In IBD, the immune system mistakenly attacks the gut, resulting in chronic inflammation and severe symptoms, including pain, diarrhea, and passing blood.
The study - led by the University of Oxford in the United Kingdom - is published in the journal Nature Medicine.
Inflammatory bowel disease (IBD) is a general term for long-term conditions that cause painful inflammation in the digestive tract or gut.
The two most common forms of IBD are ulcerative colitis, which affects the large intestine, and Crohn's disease, which affects the whole of the digestive tract.
In IBD, the immune system mistakenly attacks the cells of the intestines, giving rise to chronic inflammation. However, exactly why this happens is not well understood.
IBD is usually diagnosed early in life. Symptoms include pain and diarrhea, as well as blood passing from the rectum. Because it affects the gut's ability to absorb nutrients, the disease can also contribute to anemia.
Estimates suggest that there are more than 1 million people in the United States and 2.5 million in Europe living with IBD.
The disease has also emerged in newly industrialized parts of the world, and it has evolved into a global disease that is increasing in every continent.
Standard of care does not work for 40 percent of patients
Although treatment of IBD incurs a substantial healthcare cost, this does not reflect the toll it takes in terms of diminished quality of life, social stigma, and the career aspirations that are often cut short for those living with the disease.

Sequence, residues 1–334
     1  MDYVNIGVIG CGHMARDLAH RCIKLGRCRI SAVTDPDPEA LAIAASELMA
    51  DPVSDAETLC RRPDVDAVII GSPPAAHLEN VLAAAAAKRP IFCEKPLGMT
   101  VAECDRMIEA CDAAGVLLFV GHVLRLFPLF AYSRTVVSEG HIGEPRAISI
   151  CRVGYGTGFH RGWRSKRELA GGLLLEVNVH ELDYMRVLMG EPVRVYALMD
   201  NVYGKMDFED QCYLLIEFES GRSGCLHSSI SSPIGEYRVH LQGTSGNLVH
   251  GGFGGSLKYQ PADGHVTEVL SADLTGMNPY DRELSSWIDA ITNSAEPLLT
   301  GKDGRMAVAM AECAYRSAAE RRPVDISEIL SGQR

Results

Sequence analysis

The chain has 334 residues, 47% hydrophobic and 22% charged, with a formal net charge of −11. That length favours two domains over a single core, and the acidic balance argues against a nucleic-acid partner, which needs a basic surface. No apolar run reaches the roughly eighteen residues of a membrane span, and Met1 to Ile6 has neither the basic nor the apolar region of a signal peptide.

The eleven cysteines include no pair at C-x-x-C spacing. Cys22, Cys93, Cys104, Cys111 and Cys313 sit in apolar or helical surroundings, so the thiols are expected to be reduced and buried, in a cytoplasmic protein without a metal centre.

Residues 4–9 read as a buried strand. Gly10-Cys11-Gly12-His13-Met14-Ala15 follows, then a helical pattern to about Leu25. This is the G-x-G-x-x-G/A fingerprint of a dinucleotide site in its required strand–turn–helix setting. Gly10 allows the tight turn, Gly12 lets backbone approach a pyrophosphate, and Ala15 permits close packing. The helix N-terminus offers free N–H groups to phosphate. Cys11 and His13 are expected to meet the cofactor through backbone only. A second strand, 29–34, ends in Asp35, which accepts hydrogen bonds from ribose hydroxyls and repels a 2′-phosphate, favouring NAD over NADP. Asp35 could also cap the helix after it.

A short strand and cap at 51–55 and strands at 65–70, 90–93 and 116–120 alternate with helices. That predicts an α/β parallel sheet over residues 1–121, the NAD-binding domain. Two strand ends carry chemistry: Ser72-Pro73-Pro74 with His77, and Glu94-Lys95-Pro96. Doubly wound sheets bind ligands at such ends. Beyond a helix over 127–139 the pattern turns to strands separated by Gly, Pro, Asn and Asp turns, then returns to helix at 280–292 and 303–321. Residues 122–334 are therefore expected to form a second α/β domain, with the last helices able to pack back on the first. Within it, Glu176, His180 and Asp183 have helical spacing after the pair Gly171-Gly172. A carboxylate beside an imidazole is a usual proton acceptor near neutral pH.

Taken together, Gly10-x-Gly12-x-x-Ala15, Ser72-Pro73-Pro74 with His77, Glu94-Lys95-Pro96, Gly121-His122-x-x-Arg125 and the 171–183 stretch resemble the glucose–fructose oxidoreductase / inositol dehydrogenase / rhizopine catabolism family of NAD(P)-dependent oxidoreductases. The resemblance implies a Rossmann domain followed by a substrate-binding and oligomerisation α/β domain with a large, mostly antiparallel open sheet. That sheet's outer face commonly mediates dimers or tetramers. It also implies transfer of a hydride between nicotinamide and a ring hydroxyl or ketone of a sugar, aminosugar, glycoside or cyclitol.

- Due to lack of standard diagnostic criteria, it is difficult to estimate how many people have IBD.
- Crohn's disease is more common in people who smoke.
- Ulcerative colitis is more common in ex-smokers and never-smokers.
While anti-TNF therapy has been the standard of care for IBD for nearly 20 years, up to 40 percent of those affected do not respond to it, and there is an urgent need to find new therapies for the millions of people affected.
The new study concerns the cytokine Oncostatin M (OSM) - a small immune system protein that helps to regulate inflammation. It is also involved in liver and heart tissue repair.
However, excessive production of OSM has been linked to a number of diseases, including atherosclerosis, skin and lung inflammation, and several types of cancer. It is also thought to be involved in arthritis.
The researchers note that previous studies have already proposed cytokines as treatment targets for cases in which anti-TNF therapy is ineffective, but they have not found any that work well for IBD.
This is the first study to show that patients with IBD have more OSM in their guts than healthy controls, and also that those with the highest levels were most likely to be unresponsive to anti-TNF therapy.
OSM levels in gut predicted success of anti-TNF therapy
The researchers found that by measuring levels of OSM in samples of gut tissue, they could predict which patients taking part in an anti-TNF therapy trial would not respond to treatment.
They also found that deleting genes for OSM or blocking the cytokine with drugs significantly reduced colitis in mice.
Lead researcher Prof. Fiona Powrie, director of the Kennedy Institute of Rheumatology at Oxford, says that it is very important to find new therapies for the 2 million or so IBD patients worldwide who do not respond to the current treatment.
"The identification of OSM as a new disease mediator in these patients offers hope for new therapies that can be tested in the clinic," Prof. Powrie notes, as she concludes:
"This is a very important finding, because at the moment we are unable to predict which patients will respond well to current therapies; this has an impact on the care we are able to provide to these patients."
The team believes that not only could OSM serve as a target for new drugs to treat IBD, but it could also serve as a marker to predict which patients will respond to which therapies.